See Ya, Darling

As it turns out, taking a huge risk and signing average/slightly above average backup goalies to four-year contracts because you want them to be your starter is a very bad idea. It’s an even worse idea when your other goalie is “career below average save percentage” Cam Ward, so if your new (kinda) pricey goalie doesn’t work out, then you have to depend on a goalie who hasn’t had an above league average save percentage since 2010-11.

There’s really not a lot to say, besides the fact that in 2017-18 in 43 games (40 starts) Scott Darling was bad. He had a 0.888 SV% (when league average was 0.912) and I’m not going to mention his GAA because it’s a garbage stat and we should stop using it. His GSAA (goals saved above average) is -28.22, which means that if he had the league average SV% of 0.912 he would have let in 28 fewer goals, which is 0.66 goals per game. Scott Darling was so bad that he made Cam Ward’s 0.906 SV% look good.

Well, this offseason the Canes finally cut the cord with Cam Ward and let him go and sign with the Hawks, and signed Petr Mràzek, who isn’t exactly an upgrade. In 2017-18 he played 39 games with Detroit and Philadelphia where he had a 0.902 SV%. However, if Carolina truly believed that Darling would rebound and be able to perform at the same level that he did as a backup goalie (SV% of 0.936, 0.915, and 0.924 with Chicago) then Mràzek does make sense as a fairly cheap backup.

The only issue is that Darling didn’t rebound and Mràzek has been just as bad. Enter Curtis McElhinney, the man who’s playing the best hockey of his life in his 30s. Does this not look like an elite athlete who has a 0.926 SV% over the past three seasons?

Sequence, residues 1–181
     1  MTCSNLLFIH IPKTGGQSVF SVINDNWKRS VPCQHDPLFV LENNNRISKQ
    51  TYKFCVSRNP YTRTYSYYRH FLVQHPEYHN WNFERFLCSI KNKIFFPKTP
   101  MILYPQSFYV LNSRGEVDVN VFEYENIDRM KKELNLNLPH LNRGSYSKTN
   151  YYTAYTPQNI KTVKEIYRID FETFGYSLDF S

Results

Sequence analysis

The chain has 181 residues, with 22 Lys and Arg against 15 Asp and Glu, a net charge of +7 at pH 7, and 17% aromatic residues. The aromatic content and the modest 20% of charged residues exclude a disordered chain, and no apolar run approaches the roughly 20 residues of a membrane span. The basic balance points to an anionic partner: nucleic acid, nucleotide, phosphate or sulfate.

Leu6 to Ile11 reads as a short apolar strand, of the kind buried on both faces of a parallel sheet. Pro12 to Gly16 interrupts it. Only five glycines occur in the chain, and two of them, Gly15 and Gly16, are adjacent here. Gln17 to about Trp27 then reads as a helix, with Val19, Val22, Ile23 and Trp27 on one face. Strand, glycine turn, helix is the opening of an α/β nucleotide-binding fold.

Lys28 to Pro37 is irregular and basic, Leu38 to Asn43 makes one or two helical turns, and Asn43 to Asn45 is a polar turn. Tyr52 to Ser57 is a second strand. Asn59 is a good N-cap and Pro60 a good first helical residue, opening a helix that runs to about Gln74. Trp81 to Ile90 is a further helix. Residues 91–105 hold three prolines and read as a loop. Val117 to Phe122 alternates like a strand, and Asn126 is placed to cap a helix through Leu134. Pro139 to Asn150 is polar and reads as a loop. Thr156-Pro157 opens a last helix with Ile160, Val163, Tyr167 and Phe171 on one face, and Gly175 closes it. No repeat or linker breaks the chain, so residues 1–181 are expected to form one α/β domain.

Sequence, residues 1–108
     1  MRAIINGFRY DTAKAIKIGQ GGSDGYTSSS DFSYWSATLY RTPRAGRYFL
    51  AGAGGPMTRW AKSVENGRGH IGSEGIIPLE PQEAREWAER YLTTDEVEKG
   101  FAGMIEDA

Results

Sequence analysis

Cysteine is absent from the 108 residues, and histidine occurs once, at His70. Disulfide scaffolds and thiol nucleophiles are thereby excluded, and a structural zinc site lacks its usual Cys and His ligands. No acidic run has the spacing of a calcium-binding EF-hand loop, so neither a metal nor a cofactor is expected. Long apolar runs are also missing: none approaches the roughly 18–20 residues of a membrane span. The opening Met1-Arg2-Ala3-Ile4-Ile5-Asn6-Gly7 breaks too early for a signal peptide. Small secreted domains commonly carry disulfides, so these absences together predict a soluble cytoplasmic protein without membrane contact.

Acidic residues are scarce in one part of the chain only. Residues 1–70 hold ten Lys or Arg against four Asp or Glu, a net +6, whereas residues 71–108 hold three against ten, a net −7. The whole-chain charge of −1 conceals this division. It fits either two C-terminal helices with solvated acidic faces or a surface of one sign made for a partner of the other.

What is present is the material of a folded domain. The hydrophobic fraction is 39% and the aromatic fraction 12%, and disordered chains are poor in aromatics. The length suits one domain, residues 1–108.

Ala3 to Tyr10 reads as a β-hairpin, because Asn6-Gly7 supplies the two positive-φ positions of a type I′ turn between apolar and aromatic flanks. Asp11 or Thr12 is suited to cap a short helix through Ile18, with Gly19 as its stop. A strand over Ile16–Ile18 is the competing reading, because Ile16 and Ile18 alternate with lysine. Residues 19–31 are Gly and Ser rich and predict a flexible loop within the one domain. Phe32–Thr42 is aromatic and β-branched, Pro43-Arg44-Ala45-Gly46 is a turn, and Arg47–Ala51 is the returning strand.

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While it’s only been nine games, McElhinney has a 0.930 SV%, proving that the Canes made the correct choice in picking him up off of waivers. However, it did force them to make the decision of what to do with their three goalies, since it was clear that McElhinney has to stay in the NHL. And ultimately the decision was that Darling would be put on waivers (with the hope of him and his contract getting claimed) two months into the second year of a four year deal.

The Canes will have to figure out what they want to do with Darling, both this season in the AHL, and for the rest of his contract. I can’t imagine that any team is going to want to take on his contract, and the Charlotte Checkers’ head coach Mike Vellucci said that Alex Nedeljkovic (the Canes’ first-round pick from the 2014 draft) is the goalie of the future for the Canes, and they’ll be treating him as such in the AHL. Which means that the Canes will have their AHL back-up goalie counting as more than $3M against the Cap.

Even with that $3M, the Canes have more cap space than any other team, but they have a lot of players who are going to need new contracts next season. That list of players who will need new contracts includes McElhinney and Mràzek (neither of whom should require extreme amounts of money if the Canes want to keep them). But we’re only 24 games into the season and we don’t know if Curtis McElhinney will be able to sustain his 0.930 SV%, especially since he’s already half-way to his 18-game total in 2017-18. I’m rooting for Curtis McElhinney and Petr Mràzek and I hope that between the two of them the Canes can get (at least) league average goaltending. But if they don’t, will this be what finally forces them to go out and get a real starting goalie, or do they want to wait for Nedeljkovic to be ready? They consider him to be the goalie of the future, but in 17 games he has a 0.895 SV% (and had a 0.903 in 49 games in 2017-18) so it would appear that he isn’t ready yet.

The Canes aren’t expected to contend yet, so do they just ride McElhinney and Mràzek and hope that it isn’t awful? Do they hope that Darling gets it together in the AHL and call him back up to the NHL later in the season in the hopes that he performs well enough that they can find a team desperate enough for a goalie that they’ll make a trade? No matter what it is that they do this year, the Canes have a lot of talented young players (both in the NHL and the AHL) and they have a promising future if they can finally get a true starting goalie. Whether that’s waiting for Nedeljkovic to be ready, making a trade, or signing someone next offseason, the Canes need to sort out their goaltending, and Scott Darling is the latest example of their failure to do so.

Annie